GNOSIS provides an open platform for businesses to create their own prediction market applications on the Ethereum protocol, and they spent the last few months right here at betahaus. For Part 1 of this series, we sat down with Nadja, the Brand & Content Strategist for GNOSIS, to address some frequently asked questions in blockchain: what is blockchain, what are its advantages, and what does it mean to depend on third-parties?
Here's what she had to share!
"I like to describe blockchain as being something like a 'spreadsheet in the sky'. It's a shared, trusted, public ledger of transactions — a distributed database that maintains a continuously growing list of transaction data records, cryptographically secured from tampering and revision. This ledger runs on a peer-to-peer network of computers that all run the blockchain protocol and hold an identical copy of the ledger of transactions. Distributed consensus based on economic incentive mechanisms (game theory) combined with cryptography allows for secure peer-to-peer validation of transactions, and hence bypassing the need for traditional trusted third parties (like banks).
Imagine Google Docs. Each person has the latest version of the document, and everybody can inspect it. In order to change the contents of the doc, users need to reach a mutual agreement (consensus). As opposed to Google Docs, the file is not centrally stored, but each node of the network keeps a copy of the blockchain — the distributed ledger recording all transaction history."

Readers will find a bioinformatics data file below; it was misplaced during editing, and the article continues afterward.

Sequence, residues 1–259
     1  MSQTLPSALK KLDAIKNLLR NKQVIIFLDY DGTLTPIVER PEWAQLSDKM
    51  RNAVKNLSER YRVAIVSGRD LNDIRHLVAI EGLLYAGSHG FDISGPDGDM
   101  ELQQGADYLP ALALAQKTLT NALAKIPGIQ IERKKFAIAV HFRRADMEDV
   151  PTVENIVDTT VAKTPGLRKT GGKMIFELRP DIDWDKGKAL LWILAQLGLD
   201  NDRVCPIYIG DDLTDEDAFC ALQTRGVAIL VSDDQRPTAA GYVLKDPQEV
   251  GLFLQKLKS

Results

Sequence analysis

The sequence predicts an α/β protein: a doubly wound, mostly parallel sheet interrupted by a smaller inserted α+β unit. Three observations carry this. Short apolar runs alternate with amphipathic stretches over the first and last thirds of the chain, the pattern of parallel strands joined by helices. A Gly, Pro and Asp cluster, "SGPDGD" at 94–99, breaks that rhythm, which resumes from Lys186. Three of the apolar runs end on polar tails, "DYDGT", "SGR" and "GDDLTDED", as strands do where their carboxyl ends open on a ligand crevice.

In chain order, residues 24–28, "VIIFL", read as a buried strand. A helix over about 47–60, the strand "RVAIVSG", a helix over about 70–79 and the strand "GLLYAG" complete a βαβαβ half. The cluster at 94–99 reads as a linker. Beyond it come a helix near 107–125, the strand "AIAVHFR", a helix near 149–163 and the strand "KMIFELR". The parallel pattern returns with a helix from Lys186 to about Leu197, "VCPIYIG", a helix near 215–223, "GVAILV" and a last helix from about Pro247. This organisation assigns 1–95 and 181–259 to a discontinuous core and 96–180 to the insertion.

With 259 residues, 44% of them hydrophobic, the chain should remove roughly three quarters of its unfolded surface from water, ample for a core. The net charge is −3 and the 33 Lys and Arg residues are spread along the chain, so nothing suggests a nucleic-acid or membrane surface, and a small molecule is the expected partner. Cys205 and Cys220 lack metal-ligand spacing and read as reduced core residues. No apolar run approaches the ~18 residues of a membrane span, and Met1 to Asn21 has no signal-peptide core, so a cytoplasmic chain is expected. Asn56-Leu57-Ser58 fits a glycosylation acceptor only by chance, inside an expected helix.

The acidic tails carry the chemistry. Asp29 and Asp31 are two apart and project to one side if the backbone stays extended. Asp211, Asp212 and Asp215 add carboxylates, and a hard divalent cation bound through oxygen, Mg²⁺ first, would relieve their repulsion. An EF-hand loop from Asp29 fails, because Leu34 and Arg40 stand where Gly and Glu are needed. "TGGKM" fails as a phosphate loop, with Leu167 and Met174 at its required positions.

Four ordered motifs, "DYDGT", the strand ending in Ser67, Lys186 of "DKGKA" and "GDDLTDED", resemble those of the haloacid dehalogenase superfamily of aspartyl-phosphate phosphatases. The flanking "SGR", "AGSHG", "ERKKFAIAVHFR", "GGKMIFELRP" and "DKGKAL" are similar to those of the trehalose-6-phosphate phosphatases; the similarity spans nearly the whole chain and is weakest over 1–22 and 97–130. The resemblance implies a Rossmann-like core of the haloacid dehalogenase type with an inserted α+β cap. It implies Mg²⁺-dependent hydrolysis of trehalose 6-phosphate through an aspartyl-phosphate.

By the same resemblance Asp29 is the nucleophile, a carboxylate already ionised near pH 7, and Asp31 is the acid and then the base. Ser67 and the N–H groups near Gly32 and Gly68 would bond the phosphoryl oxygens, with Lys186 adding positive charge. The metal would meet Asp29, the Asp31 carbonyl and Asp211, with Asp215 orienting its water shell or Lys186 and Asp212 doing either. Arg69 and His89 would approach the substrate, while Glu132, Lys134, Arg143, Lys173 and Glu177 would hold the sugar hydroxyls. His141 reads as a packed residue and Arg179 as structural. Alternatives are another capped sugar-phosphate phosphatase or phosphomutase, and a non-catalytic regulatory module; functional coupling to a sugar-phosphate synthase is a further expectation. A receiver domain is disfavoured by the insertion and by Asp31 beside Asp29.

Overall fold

"The main advantage of blockchain is that users no longer have to trust a third party to validate transactions. With blockchain, a peer-to-peer network of computers validate transactions by majority vote (consensus). Everyone can inspect this public ledger of transactions, but no single user controls it. Blockchain, hence, provides an architecture for so called 'trustless trust' — it allows us to trust the outputs of the system without trusting any actor within it.
Imagine Anna is your best friend. She's traveling overseas and on the 3rd day of her vacation, she calls you and says: 'Girl, I need some money. I'm totally broke.' You, being a good friend and generally nice person, reply: 'I'll send some right away,' and hang up. You then call your account manager at your bank and tell him (of course you'd use N26 to do this, but let's look at the conservative way for illustration purposes): 'Please transfer 500€ from my account to Anna's account.' He opens up the register, checks your account balance to see if you have enough money to transfer 500€ to Anna. Because you have a lot of money, he makes an entry in the register like the following: Taylor sends Anna 500€ on February 8th, 2018. So, what just happened? You and Anna both trusted the bank to manage your money. There was no real movement of physical bills to transfer it. All that was needed was an entry in the register. Or more precisely, an entry in the register that neither you nor Anna controls or owns. And that is the problem with our current system: to establish trust between ourselves, we rely on individual third-parties."
"The problem is that if anything bad happens in society, all it requires is one person or organization to go corrupt, intentionally or unintentionally. What if that register in which the transaction was logged gets destroyed? What if, by mistake, your account manager had written 1000€ instead of 500€? What if he did that even on purpose? All this leads you to the question whether there's a way to maintain the register among ourselves instead of someone else doing it for us. You may have guessed it — blockchain is the answer. It is a method to maintain that register among ourselves instead of depending on someone else to do it for us."